Yesterday, I posted about the newest crop of crazy running for what used to be a serious Congress. That post unleashed a lot of angst, doom and gloom in the comments. But now–as Paul Harvey might have said–for the rest of the story.
Because there are glimmers of hope.
But in addition to the generation’s Democratic tendency, Millennials who identify with the GOP are also less conservative than Republicans in other generations: Among the roughly one-third of Millennials who affiliate with or lean Republican, just 31% have a mix of political values that are right-of-center, while about half (51%) take a mix of liberal and conservative positions and 18% have consistently or mostly liberal views. Among all Republicans and Republican leaners, 53% have conservative views; in the two oldest generations, Silents and Boomers, about two-thirds are consistently or mostly conservative.
In short, not only are Millennials less likely than older generations to identify as Republicans, but even those who do express significantly less conservative values than do their elders.
The generational divisions among Republicans span different dimensions of political values. Some of the most striking generational differences within Republicans concern social issues like homosexuality and immigration, but younger Republicans are also less conservative when it comes to values related to the environment, role of government, the social safety net and the marketplace.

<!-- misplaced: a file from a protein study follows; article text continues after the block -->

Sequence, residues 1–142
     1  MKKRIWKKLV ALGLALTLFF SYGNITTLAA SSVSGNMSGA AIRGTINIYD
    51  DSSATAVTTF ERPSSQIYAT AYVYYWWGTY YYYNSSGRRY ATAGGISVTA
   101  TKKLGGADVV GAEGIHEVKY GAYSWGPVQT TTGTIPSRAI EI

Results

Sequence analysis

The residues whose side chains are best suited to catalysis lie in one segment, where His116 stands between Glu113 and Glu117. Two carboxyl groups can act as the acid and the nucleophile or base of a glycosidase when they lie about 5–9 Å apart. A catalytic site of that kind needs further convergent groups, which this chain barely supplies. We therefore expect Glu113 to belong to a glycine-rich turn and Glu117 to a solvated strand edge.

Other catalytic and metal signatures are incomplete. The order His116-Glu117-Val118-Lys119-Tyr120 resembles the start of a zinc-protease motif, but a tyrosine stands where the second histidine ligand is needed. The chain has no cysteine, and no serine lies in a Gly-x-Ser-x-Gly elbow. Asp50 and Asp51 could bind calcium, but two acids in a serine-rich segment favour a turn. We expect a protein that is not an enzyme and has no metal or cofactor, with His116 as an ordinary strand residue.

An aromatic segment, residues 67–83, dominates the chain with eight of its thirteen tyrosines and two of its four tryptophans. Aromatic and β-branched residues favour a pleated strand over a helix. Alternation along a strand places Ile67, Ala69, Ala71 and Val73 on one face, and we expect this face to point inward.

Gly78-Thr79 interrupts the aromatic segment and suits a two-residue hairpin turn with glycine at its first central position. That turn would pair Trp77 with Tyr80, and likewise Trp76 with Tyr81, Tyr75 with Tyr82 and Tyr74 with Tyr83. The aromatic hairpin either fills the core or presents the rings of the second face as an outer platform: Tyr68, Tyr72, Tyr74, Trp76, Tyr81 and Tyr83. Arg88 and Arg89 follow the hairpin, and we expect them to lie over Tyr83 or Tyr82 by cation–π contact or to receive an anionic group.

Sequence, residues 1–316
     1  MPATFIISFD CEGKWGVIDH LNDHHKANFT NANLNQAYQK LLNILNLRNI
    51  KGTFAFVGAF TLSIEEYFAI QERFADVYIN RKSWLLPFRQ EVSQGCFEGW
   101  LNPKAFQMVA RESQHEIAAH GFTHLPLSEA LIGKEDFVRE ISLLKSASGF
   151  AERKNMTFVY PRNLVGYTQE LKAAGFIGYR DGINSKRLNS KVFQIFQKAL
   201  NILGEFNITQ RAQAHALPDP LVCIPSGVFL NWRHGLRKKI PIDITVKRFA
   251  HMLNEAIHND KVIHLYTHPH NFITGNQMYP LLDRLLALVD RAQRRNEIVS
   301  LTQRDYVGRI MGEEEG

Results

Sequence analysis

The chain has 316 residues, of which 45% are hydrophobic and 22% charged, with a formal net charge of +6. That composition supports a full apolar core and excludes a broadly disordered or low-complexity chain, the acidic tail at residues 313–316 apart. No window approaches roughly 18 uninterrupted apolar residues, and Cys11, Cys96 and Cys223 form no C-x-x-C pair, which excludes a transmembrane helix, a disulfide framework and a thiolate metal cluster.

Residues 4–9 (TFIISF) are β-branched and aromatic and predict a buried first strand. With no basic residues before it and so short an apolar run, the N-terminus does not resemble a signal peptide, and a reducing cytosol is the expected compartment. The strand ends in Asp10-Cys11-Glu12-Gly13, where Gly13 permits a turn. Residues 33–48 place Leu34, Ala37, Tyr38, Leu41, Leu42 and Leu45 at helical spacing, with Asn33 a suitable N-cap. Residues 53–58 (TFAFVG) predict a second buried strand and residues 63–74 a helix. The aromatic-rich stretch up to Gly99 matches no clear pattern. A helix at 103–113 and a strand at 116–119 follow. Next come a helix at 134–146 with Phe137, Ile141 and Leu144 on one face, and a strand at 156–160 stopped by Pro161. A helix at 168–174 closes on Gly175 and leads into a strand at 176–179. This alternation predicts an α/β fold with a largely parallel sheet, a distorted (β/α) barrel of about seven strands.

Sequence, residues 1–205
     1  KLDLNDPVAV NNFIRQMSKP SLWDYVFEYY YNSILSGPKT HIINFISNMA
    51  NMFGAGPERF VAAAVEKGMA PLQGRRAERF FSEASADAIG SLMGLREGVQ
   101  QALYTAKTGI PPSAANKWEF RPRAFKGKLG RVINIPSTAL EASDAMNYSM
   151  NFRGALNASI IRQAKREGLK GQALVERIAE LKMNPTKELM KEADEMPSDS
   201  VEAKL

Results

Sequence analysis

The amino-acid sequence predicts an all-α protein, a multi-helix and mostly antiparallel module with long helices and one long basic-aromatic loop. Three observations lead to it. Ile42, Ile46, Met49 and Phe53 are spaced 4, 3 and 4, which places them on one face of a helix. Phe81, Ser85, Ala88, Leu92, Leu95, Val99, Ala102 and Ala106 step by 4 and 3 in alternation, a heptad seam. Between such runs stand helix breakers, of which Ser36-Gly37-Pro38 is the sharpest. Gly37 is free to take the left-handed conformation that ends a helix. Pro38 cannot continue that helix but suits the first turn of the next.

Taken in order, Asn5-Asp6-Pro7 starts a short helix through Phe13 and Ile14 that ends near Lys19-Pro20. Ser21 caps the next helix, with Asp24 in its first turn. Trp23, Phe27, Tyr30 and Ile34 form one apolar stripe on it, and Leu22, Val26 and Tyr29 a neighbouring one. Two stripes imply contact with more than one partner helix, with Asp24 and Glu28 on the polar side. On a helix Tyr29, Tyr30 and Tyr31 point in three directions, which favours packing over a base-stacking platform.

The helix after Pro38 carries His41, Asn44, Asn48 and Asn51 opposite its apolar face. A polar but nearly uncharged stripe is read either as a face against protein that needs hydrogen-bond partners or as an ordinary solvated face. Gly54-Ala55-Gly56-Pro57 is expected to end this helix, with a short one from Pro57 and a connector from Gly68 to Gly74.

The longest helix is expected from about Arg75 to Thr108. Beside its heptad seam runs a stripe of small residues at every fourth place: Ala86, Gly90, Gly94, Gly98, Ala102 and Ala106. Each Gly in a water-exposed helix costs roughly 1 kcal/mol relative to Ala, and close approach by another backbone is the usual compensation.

It isn’t simply changing attitudes. From The Guardian:
Two high schools in Colorado canceled classes Monday after dozens of teachers called in sick in protest of a conservative school board’s proposal to change the history curriculum.
This is the second such teacher sick-out in two weeks and comes on the heels of student walk-outs over the issue. At the two high schools where sick-outs were staged, Golden and Jefferson high school in Jefferson County, 73% and 81% of teachers called out, respectively.
Add in the spread of “Moral Mondays,” the efforts of moderate and liberal Christians to take back their religion from the kooks and theocrats, the successes of the “Flush Rush” campaign, the frustrations expressed by the Occupy participants, and hundreds of other indicators, small as they still are, and we do have evidence that the pendulum is about to swing.
The question, as several commenters noted yesterday, is whether that swing will be soon enough to save the nation from irrelevancy and decline, and strong enough to overcome the structural barriers that have been erected by the plutocrats.
Pete often ends his comments here by saying “I don’t know. I just don’t know.”